2000 Saab 9-5 Expert Review:New Car Test Drive
New Car Test Drive
All those famous Saab attributes, with room for the dog.
It's nice to see station wagons making a comeback. This new Saab 9-5 wagon from Sweden has been introduced to do battle with the some great wagons from Audi, BMW, Volvo and the domestics. There are thinking people out there with larger families, pets and hobbies who wouldn't be caught dead in a minivan. They have no need for four-wheel drive and can't see much sense in the sport-utility craze. Sporty European wagons, such as this Saab 9-5, are aimed directly at them. It offers the quality and panache of a foreign make with the utility of a station wagon.
The Saab 9-5 (pronounced 'nine five') wagon comes in only the base and SE versions. The base model has a 2.3-liter turbocharged four-cylinder engine. The loaded SE comes with a 3.0-liter turbocharged V6; it also comes with a higher level of standard equipment, including traction control and leather upholstery, both of which are optional on the base model. Options include a dealer-installed slide-out cargo floor, heated front and rear seats, and special ventilated seats with electric fans built into them.
The 9-5 platform is a relatively new one within the General Motors parent company. As such, it carries a lot of up-to-date hardware including independent front and rear suspensions, precise rack-and-pinion steering, and a modern powertrain.
The 3.0-liter V6 engine in the 9-5 SE wagon is unusual in that it is turbocharged by only one bank of cylinders, where common practice is to use the exhaust gases from all cylinders to spin the turbocharger. This light-boost engine features four valves per cylinder, Trionic direct ignition and sequential fuel injection to develop 200 willing horsepower and lots of low-down torque.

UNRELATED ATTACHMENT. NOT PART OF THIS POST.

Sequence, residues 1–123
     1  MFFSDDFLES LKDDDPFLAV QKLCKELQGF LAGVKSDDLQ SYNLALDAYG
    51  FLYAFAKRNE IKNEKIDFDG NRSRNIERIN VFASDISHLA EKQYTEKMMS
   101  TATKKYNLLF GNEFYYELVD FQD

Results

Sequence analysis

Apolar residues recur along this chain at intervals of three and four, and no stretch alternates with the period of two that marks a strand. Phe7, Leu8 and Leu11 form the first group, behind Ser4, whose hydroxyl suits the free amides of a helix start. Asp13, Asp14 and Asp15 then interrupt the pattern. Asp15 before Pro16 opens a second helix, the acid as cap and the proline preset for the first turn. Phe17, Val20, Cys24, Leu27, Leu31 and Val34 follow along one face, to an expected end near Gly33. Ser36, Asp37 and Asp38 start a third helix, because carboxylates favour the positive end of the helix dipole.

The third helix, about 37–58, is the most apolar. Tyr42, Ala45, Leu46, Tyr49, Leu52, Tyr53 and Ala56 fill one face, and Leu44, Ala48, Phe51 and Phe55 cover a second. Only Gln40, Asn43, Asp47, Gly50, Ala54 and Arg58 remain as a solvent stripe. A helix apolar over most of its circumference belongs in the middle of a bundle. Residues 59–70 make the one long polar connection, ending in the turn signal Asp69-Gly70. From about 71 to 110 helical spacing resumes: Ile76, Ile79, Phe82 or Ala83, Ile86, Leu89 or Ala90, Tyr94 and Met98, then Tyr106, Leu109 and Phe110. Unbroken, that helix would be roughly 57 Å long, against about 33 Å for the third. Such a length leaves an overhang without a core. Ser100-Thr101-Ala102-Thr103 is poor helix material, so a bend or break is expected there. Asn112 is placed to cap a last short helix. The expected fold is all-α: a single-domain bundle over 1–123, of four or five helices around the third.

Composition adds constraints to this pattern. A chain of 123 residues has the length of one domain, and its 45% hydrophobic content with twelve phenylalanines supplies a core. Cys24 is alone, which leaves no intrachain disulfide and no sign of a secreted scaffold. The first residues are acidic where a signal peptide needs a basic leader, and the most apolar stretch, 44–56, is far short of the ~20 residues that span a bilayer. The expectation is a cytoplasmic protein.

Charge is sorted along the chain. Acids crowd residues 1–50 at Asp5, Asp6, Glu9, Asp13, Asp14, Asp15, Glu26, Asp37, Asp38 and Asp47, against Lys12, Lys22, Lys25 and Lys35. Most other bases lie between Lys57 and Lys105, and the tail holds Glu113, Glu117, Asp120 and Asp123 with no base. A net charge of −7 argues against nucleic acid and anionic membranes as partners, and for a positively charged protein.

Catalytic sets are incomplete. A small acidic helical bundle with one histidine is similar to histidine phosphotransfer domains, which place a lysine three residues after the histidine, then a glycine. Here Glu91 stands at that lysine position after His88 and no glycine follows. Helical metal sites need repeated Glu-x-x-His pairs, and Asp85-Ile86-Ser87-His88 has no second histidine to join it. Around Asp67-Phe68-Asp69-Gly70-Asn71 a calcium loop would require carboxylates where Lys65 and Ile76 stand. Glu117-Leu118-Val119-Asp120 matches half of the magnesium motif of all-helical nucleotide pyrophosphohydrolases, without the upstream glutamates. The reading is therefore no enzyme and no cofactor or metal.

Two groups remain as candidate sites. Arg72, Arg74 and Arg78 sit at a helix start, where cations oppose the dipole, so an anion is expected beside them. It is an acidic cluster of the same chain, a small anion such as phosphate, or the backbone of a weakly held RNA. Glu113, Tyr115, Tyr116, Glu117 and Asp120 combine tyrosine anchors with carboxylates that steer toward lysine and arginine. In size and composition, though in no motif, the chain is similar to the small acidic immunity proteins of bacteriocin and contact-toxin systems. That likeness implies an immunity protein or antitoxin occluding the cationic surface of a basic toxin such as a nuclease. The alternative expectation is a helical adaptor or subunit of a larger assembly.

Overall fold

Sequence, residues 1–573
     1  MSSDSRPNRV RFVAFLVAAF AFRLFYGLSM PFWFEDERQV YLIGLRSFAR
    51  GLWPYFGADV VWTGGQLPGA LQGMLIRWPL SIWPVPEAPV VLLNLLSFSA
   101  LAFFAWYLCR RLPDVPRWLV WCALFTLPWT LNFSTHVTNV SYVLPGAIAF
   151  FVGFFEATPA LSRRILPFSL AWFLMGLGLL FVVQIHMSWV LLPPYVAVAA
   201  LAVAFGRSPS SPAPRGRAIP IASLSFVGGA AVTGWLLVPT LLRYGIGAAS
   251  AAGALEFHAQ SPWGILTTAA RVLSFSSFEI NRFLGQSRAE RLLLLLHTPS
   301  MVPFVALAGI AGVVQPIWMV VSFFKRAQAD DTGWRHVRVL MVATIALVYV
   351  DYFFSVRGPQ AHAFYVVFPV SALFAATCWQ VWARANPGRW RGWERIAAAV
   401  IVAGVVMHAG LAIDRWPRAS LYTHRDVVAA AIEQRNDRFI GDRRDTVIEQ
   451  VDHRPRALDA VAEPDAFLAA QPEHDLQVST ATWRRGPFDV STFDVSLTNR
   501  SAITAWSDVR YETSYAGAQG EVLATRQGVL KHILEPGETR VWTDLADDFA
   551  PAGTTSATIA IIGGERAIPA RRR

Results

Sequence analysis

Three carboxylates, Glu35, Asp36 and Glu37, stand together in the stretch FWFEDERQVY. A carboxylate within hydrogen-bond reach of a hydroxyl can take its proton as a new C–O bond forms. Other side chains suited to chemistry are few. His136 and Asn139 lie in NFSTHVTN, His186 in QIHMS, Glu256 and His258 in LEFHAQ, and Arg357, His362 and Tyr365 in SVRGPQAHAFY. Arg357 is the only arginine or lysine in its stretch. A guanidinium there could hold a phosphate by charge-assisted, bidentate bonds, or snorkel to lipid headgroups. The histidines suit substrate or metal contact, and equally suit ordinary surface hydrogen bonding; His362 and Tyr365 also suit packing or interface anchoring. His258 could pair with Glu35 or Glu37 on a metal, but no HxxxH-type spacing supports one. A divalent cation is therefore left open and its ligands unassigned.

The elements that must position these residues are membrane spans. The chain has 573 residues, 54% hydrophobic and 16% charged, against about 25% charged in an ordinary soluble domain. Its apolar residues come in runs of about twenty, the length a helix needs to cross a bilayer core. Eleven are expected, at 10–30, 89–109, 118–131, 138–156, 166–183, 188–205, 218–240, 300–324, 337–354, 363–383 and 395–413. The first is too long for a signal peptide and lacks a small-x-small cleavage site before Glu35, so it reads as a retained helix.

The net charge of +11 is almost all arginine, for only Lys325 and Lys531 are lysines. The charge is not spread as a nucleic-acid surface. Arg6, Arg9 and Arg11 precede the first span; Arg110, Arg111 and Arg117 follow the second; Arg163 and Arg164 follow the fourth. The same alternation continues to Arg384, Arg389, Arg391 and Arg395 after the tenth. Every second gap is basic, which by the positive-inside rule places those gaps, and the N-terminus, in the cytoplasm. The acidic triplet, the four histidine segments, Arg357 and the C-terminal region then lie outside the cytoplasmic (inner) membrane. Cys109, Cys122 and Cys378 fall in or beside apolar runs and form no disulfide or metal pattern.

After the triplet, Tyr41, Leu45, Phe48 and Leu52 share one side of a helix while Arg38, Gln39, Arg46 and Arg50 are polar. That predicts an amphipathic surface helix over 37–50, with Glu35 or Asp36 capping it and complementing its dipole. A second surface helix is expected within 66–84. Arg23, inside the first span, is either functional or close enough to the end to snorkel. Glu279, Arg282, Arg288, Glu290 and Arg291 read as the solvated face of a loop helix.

The exterior design is, we think, one of the nicest body shells that Saab has ever produced, whether it be sedan, coupe, or wagon. It flows beautifully from front to rear without interruption, and the business end, the cargo section aft of the rear doors, has been beautifully integrated into the sedan front end. It offers an amazingly low coefficient of drag of only 0.31. The tires fill the wheel wells. The hood and doors operate like those on aircraft, with a solid locking system. These details add up to that same wonderful, safe feeling we always get when we drive Saabs.
One of the things that comes with every Saab 9-5 wagon is the slick, instrument panel that is unique to Saab. Its instrument panel is more like that of an airplane than any other in the automotive business. Perhaps that's because Saab is one of the few car companies that also makes airplanes, and they believe in the concept of a cockpit surrounding the operator as close in as possible. Some drivers find it claustrophobic, but we've been driving Saabs for more than 20 years, and we have grown to love it, even as more and more systems are added to the car. They always seem to find a logical place to put everything and an easy control system for whatever it happens to be.
Also up for high marks is the $895 OnStar communications system, the first one ever installed on a European car. We have used OnStar in Cadillac, Buick and GMC vehicles all over the country, and we recommend it to anyone who travels away from home regularly. It can be a godsend, a pushbutton servant who never, ever sleeps.
Saab's seats are terrific, and the new ones, with a built-in system for preventing whiplash, are even better. They are comfortable and supportive, with plenty of adjustment for all sizes of drivers.